Preached by Rev. Gary Dalton, December 24, 2016
Taken from Luke 2: 1-19
Ladies and gentlemen, skinny and stout,
I’ll tell you a tale I know nothing about.
Admission is free, so pay at the door.
Come pull up a chair and sit on the floor.
One bright day, in the middle of the night,
two dead boys got up to fight.
Back to back they faced each other;
drew their swords and shot each other!
A deaf policeman heard the noise.
He came and shot the two dead boys.
If you doubt my tale is true,
ask the blind man—he saw it, too!
Perhaps you delighted in that poem when you were a child, as I did. I still enjoy reciting it.
We call it a “nonsense” poem. Yet on the surface, it’s a very sensible poem. The grammar is correct. The syntax is correct. It has a nice rhyme scheme to it. There’s nothing wrong with any of the words; they’re all perfectly sensible, common words.
The problem comes though when you put all those words “back to back and facing each other” in the same sentence. Everything’s correct but nothing is right; from our own experience, we know, this tale just makes no sense.
We know, don’t we: there is no world in which a bright day shines in the middle of the night, nor is there a world in which “two dead boys” suddenly get up from the grave nor where a deaf policeman hears and a blind man sees. Those things make no sense, and we dare not pretend so.
In the world to which Luke wrote, his tale of this first night we call “Christmas Eve” may have sounded rather nonsensical as well, somewhat like our poem. Now, that may seem a fairly strange thing for me to say.
Christmas has a very definite order to it. You have Halloween and then Thanksgiving, and then, as soon as you’ve cleared out the Thanksgiving leftovers, it is Advent. You put up your Christmas tree, decorate the house, get down to business making your Christmas list and shopping. You may even go so far as to actually get your Christmas cards or newsletter out before Christmas.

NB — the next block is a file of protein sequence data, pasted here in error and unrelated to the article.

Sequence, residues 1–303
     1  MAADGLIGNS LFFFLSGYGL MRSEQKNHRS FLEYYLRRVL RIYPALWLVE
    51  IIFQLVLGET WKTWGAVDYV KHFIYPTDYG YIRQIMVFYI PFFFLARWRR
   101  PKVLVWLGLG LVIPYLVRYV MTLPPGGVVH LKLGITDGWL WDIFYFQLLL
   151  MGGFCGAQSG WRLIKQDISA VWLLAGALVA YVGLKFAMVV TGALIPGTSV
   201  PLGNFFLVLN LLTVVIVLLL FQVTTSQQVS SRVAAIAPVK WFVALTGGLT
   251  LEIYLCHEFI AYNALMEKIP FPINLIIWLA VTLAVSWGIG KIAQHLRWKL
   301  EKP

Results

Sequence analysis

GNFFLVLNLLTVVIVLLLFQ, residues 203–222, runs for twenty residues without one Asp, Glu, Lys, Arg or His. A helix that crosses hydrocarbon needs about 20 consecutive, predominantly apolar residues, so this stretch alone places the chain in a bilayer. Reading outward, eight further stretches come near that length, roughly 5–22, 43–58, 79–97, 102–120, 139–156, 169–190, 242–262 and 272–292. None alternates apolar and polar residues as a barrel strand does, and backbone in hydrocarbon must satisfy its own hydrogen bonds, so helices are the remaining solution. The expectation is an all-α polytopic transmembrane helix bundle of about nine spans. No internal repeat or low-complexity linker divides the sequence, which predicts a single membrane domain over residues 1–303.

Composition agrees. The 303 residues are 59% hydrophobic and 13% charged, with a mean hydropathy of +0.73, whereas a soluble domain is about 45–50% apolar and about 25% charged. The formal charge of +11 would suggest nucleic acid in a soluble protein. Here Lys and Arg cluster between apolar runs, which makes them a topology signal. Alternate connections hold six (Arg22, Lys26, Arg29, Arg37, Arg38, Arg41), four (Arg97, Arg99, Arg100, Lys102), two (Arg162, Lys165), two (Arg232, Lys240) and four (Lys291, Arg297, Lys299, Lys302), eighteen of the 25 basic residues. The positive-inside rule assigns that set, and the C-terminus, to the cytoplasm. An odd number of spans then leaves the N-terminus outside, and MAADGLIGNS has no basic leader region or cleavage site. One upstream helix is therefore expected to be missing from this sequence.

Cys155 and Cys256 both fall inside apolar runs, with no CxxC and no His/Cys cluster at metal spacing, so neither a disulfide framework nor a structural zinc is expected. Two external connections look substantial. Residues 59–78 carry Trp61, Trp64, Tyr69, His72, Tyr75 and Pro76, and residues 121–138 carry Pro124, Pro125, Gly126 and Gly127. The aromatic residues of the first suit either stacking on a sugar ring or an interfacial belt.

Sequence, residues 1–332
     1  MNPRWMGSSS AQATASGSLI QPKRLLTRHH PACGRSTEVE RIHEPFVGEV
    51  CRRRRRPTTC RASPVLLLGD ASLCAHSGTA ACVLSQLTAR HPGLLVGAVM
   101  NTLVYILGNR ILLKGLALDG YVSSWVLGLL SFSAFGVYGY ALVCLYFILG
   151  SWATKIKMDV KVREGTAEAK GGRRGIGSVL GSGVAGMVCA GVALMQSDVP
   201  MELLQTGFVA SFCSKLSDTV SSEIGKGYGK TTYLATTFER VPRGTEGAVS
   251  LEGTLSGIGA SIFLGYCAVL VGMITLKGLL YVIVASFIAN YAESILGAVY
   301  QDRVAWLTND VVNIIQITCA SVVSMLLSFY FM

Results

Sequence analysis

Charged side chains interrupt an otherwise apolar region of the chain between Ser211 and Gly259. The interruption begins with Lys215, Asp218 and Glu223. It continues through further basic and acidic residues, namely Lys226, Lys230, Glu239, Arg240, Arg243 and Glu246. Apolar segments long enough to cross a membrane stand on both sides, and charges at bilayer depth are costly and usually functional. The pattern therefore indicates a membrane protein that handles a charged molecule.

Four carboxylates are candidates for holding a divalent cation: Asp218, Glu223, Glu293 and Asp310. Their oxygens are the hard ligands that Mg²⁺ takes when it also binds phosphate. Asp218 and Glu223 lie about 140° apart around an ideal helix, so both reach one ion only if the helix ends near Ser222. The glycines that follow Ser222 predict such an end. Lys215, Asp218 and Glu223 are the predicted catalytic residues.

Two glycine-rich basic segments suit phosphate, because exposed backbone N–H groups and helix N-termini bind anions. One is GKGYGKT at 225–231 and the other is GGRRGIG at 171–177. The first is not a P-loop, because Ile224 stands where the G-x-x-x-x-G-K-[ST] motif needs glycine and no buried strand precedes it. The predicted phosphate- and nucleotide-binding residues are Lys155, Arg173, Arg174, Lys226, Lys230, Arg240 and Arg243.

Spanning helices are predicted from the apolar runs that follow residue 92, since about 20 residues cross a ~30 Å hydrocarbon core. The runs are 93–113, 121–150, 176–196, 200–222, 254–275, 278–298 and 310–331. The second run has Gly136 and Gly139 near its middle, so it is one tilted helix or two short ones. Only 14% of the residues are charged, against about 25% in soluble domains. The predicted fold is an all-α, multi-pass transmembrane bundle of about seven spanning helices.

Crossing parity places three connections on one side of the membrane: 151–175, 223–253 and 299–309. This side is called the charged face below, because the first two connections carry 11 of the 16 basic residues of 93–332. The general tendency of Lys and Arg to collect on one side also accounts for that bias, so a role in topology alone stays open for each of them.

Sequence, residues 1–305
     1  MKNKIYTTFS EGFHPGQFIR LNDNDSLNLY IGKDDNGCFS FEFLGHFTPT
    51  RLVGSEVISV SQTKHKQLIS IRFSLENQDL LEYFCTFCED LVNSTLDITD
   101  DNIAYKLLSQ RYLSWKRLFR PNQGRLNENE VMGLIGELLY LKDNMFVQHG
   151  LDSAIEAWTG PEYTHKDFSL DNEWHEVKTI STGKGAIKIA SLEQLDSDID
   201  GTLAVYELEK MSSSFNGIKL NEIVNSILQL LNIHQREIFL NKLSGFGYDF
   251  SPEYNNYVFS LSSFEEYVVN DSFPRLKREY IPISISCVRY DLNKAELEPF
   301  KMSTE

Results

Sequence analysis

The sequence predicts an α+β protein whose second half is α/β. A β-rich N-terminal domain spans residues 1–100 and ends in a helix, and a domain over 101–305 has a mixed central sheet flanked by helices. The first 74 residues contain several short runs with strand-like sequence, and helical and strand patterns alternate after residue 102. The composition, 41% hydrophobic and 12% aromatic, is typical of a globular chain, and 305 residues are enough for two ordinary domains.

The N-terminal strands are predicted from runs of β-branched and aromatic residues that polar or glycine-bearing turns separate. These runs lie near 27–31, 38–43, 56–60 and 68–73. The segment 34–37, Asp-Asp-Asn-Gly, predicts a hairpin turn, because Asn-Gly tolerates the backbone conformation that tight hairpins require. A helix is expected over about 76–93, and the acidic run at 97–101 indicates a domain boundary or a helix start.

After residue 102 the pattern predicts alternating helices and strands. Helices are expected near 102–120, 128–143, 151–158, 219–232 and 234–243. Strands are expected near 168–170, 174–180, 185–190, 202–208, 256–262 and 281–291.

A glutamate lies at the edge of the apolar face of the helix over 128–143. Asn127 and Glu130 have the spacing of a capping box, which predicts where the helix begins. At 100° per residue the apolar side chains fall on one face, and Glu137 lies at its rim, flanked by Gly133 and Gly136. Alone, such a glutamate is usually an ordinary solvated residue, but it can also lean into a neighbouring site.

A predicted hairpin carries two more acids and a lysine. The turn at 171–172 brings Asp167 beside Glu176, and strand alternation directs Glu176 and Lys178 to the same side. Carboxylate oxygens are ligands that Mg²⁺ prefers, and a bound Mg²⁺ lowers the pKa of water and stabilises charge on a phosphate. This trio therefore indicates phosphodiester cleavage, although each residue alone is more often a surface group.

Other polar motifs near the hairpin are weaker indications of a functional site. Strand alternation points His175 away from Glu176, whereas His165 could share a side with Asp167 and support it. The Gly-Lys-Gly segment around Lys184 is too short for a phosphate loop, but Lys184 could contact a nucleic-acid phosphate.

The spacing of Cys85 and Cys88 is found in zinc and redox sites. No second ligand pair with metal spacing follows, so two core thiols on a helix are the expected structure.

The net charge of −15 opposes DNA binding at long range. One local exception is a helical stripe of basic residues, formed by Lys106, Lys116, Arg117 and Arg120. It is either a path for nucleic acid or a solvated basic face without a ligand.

That’s why we get so upset with the stores…they’re violating our sense of the proper order of things for Christmas. Good grief! Pull down the Halloween pumpkins and the costumes off the shelves at the stroke of midnight, October 31, and out comes Christmas stuff on the shelves. It’s not right, is it? It violates the sensible and correct way of preparing for Christmas!
You’ve got your little manger scene; a very organized and orderly place There’s old Joseph looking down lovingly on his young not-quite bride, who’s kneeling by the side of a crib, looking at their newborn infant Jesus. It’s a little odd, on this point: I’ve never seen a manger that actually swaddled the little baby Jesus. Usually he’s laying there with his cute little loin cloth, looking up at Mary.
Working out from the Holy Family, you’ve got to have a shepherd, preferably with a lamb across his shoulders; a sheep or two; a cow, maybe a donkey. It’s permissible to have a trio of Wise Men off to one side. An angel on the roof is of course a nice touch.
Some folks have gone to adding a kneeling Santa Claus there in the manger…that’s a bit of stretch, I think. That’s starting to introduce a bit of nonsense into this otherwise sensible observance. Keep your history straight–we all know it was years and years before Santa Claus started doing his Christmas Eve work.
Putting aside the kneeling Santa in the manger, everything else springs from the orderly and sensible story as originally told by the Gospel writers, such as Luke.
But, we fail to include all the elements that Luke shows us in his account. No one, it seems, thinks to include a little plastic Caesar Augustus in or around their manger. Yet, that is precisely how Luke starts off. Luke has Caesar Augustus and the little baby Jesus, there, poised “back to back and facing each other”, lined up and prepared for a deadly duel.
Luke begins, In those days a decree went out from Caesar Augustus that all the world should be enrolled. This was the first enrollment—by the way–when Quirinius was governor of Syria.
We read that and think, “Aha! Luke is sort of flipping back through his calendar, and researching the precise date on the calendar when Jesus was born. How very sensible of him.